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Monday, April 13, 2009

Waking the Baby Mammoth

The frozen tundra that covers a majority of Russia and northern Asia is a hard place to live. The average winter temperature is 30 below zero, and winter seems to last a lifetime. The short summer, which still gets only glancing rays of sun, barely breaks above freezing. It's so cold year round that part of the ground never defrosts. Without the flowing groundwater and rich sunlight of more southern climates, the tundra cannot support trees. That's its defining trait, really - "tundra" comes from the Finnish word tunturi, meaning treeless plain.

The dominant plant life, thus, are the grasses. Only the hardiest plants can live in the nutrient poor, often frozen soil which dominates the rocky, barren landscape. Larger animals struggle to survive on such limited diets. In fact, only 48 land mammals call the tundra home, although thousands of insects and birds migrate there each year for the marshes which form in the brief summers when the very top permafrost melts.

And it is in this miserable, frozen wasteland that one of the most incredible scientific discoveries of our time was stumbled upon by a reindeer herder, one of the few human beings who braves where few other mammals can survive.


Waking the Baby Mammoth
premiering Sunday, April 26th at 9PM ET/PT on the National Geographic Channel


40,000 years ago, the world was very different. There were huge ice sheets covering much of the northern latitudes, and the area now covered in icy tundra was a rolling plain called the steppes. This grassy, arid, also treeless habitat covered what is now Siberia. Unlike now, the land was lush, and where plants now struggle, grasses flourished, as did the mega mammals which called these plains home. It was here that a baby mammoth was born, much later to be called Lyuba (love, in Russian). By the end of the Pleistocene era, her species, along with 3/4 of the genera of large mammals, would vanish, leaving few cues for us to find.

Lyuba was one of millions of woolly mammoths that once walked the lands alongside prehistoric man and neanderthals. She was not remarkable for her time. What makes her so special is that she died suddenly in such unique conditions that she was perfectly preserved for forty thousand years.

The National Geographic Special follows the scientists as they study Lyuba, the best preserved mammoth ever found. Using state of the art technology, they sought to learn as much as they can about this rare and beautiful baby. How did she die? What was the world around her like 40,000 years ago? Can they extract her DNA, and learn even more about the species she belonged to? And why did she preserve so well, and reappear so long after her death?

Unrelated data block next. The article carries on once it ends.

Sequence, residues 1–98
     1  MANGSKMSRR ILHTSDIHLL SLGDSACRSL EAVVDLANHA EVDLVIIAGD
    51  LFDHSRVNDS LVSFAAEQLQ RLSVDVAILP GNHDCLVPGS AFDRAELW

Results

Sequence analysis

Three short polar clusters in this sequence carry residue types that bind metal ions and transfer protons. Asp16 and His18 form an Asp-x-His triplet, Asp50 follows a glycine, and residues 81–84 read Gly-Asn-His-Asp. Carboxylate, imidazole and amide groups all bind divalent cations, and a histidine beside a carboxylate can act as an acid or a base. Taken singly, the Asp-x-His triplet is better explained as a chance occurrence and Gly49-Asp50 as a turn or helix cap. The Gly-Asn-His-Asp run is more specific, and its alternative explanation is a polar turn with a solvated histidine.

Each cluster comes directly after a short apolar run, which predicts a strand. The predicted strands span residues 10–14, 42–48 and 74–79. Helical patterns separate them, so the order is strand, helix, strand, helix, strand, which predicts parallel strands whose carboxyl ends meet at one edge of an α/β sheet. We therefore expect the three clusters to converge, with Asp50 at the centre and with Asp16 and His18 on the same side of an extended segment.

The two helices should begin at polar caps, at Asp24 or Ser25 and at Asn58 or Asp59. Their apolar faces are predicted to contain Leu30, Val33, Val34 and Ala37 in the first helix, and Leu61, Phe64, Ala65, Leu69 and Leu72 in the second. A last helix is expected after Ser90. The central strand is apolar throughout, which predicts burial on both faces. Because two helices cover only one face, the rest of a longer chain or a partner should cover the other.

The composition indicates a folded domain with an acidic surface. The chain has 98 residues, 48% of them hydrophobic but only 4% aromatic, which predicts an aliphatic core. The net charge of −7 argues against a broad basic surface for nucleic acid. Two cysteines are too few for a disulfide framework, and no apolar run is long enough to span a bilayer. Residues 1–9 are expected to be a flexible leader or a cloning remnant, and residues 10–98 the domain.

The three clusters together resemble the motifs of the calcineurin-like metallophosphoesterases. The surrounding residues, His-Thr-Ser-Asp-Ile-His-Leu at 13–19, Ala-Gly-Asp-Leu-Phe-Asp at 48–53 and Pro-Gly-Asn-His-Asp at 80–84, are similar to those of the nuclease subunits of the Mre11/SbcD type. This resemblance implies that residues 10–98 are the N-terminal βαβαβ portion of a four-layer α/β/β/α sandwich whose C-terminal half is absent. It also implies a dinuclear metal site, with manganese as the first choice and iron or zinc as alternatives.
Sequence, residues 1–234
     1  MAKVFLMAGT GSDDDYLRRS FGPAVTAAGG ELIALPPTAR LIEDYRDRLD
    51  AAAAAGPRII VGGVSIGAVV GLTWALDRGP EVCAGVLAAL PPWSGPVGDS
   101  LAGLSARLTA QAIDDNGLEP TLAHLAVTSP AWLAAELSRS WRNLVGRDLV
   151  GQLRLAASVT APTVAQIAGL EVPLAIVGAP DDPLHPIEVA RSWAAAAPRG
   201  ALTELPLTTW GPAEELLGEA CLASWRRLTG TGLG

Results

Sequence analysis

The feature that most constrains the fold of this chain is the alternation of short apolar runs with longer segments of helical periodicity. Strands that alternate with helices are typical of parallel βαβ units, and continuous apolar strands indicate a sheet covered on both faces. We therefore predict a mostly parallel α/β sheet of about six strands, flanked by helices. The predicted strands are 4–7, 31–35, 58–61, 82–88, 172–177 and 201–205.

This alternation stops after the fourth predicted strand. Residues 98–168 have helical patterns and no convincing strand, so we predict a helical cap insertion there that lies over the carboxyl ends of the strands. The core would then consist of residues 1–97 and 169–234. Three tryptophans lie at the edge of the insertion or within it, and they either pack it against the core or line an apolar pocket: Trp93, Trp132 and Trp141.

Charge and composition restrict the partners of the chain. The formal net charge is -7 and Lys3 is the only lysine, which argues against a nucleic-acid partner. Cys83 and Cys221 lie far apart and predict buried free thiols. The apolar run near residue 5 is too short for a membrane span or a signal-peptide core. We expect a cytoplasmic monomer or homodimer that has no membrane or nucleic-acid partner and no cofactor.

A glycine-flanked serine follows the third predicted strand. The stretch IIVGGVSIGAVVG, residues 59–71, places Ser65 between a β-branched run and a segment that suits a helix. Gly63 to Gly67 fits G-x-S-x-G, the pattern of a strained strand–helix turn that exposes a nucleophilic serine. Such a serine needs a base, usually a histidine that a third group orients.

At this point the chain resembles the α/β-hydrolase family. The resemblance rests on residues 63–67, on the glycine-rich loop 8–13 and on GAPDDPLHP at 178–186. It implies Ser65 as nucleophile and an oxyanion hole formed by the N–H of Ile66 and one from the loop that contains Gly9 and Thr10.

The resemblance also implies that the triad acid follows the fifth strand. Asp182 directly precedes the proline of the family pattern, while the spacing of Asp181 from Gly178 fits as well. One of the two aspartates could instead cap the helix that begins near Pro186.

Studying such a fragile find is not without its hurdles to overcome. The baby had to be kept below freezing to prevent any decay or bacterial invasions. Tissues this old are incredibly delicate, making an autopsy difficult, to say the least. But one of the greatest parts of this special is watching the painstaking care that the researchers use in studying Lyuba.

But the special doesn't just follow the story of Lyuba and the secrets she can tell about herself the icy Pleistocene era she lived in. It also tells the tale of the man who found her and the intriguing culture to which he belongs. Yuri Khudi and his sons are Nenet, a nomadic people which lives off of herding reindeer and fishing. They are a deeply spiritual tribe, who live much in the way their ancestors have for hundreds of years. Yuri and his family saw the find as a curse or a bad omen. Thankfully, he had the foresight to pass the find along to authorities, who brought together the top experts in the field to explore the baby mammoth.

True to form, National Geogrpahic spared no expense when it came to cinematography and animation to tell the stoy of Lyba's life and the study of her death. From breathtaking images of the frozen expanse where she was found to recreations of the Pleistocene steppes and what little Lyuba might have looked like alive, the special is chock full of amazing visual spectacles sure to draw you in to the amazing story of a baby mammoth whose body has lasted forty thousand years and the people she brought together - scientists from all over the world and the nomadic people who brave the frozen tundra and found her. It's a must-see for any nerd!

3 comments:

Irradiatus said...

This is a beautiful review, Christie! I love how you set the scene.

And wasn't CG Lyuba adoreable? I want a baby mammoth (a real one - stuck forever in the 1 month old stage)!

Christie Lynn said...

OMG I know!!! I just wanted to cuddle up with her. She was so adorable! Like a puppy, but better.

InkRose said...

I must insist on a correction on the term tundra. Or at least its claimed origin. While it's possible that tundra is derived somehow from tunturi, the meaning, I suspect, is not, since tunturi ('fell' in English, at least according to a few reasonable sources. Also close to the Swedish 'fjäll', which means the same thing) means a big treeless hill. Or at least so I've been told since primary school.